When people ask about Good Kids, I sometimes say “It’s loosely based on Steubenville” (a high profile sexual assault case in 2012 where a pair of football players in Ohio sexually assaulted an unconscious sixteen-year-old woman and put videos of the incident on social media). However, Naomi Iizuka’s play, and a great deal of the conversation following the real Steubenville, zooms the focus out from the event itself to better understand the context surrounding such events: What are the attitudes and mindsets that can create a circumstance where young men participate in sexual violence? How does the media frame these incidents? How do people talk about the perpetrators? How do people discuss the survivors? What ideology and messaging are reinforced by the way parents, peers, and police respond?
These are the questions we must ask in order to understand rape culture. In her recent book, Not That Bad: Dispatches from Rape Culture, Roxane Gay explains that she “was interested in the discourse around rape culture because the phrase is used often, but rarely do people engage with what it actually means. What is it like to live in a culture where it often seems like it is a question of when, not if, a woman will encounter some kind of sexual violence? What is it like for men to navigate this culture whether they are indifferent to rape culture or working to end it or contributing to it in ways significant or small?”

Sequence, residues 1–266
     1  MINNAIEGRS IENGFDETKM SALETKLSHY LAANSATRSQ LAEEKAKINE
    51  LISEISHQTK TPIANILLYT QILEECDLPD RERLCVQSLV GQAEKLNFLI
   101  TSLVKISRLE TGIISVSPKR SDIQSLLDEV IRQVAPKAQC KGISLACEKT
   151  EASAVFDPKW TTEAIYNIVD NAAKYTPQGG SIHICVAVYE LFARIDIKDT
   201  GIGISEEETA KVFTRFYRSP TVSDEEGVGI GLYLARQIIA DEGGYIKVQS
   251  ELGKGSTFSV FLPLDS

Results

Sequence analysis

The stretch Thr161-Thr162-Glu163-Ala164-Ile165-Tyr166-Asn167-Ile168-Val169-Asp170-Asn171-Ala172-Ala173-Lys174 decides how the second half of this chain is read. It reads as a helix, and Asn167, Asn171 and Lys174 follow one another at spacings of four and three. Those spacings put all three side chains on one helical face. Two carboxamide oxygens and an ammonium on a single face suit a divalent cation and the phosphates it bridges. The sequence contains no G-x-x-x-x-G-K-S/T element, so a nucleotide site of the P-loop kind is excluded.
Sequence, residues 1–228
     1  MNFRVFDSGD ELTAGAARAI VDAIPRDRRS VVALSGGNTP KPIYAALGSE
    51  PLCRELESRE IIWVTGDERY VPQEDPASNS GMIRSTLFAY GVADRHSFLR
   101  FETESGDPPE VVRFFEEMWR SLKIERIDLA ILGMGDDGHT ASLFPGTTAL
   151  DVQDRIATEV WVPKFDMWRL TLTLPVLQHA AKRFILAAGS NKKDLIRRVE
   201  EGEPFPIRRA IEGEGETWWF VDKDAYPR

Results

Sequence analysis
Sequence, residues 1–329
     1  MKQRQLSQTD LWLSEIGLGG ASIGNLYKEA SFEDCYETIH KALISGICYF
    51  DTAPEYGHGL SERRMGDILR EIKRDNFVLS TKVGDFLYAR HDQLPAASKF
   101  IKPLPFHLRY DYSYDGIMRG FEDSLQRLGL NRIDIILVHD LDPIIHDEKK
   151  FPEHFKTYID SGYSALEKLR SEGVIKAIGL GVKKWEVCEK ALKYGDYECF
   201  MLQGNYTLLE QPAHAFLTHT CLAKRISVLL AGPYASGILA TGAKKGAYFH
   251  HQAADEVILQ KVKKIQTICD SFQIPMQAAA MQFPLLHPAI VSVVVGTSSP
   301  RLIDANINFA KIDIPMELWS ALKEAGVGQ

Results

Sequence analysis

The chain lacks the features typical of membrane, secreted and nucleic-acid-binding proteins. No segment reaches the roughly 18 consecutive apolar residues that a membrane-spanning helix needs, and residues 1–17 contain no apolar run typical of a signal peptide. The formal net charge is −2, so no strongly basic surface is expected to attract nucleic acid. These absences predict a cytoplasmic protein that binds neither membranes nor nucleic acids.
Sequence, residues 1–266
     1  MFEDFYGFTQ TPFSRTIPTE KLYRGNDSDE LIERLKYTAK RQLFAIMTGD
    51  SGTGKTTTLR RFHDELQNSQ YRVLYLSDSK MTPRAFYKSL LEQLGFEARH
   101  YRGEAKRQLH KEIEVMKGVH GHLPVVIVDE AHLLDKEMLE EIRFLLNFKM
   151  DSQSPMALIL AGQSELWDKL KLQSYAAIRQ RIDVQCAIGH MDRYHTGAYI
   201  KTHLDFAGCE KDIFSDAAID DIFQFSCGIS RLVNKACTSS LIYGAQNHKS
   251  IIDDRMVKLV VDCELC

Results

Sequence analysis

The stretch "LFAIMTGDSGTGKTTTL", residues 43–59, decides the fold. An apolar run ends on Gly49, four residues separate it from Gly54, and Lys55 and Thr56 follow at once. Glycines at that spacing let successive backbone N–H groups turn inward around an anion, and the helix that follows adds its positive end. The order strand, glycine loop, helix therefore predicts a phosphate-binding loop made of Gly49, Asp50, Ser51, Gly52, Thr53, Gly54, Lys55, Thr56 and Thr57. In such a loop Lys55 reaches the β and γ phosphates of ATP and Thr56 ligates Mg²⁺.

It has always been urgent and necessary for us to be examining these questions, but only recently can we see the impact of this examination starting to take hold in our society. We may finally be at a critical moment, a tipping point, where a new generation of youth commit themselves to understanding and dismantling rape culture and replacing it with a culture of consent.
In choosing Good Kids as part of the 2018/19 YP season, that is the exact challenge the Young Professionals Company has embraced. They have chosen this show to better understand their role in challenging and dismantling rape culture, to be better allies to survivors, and to use their considerable skills and energy to educate and invite others to take up this mantle. I could not be more proud of the YP Company’s values, ethics, and heart, and it is a true privilege to accompany them on this journey.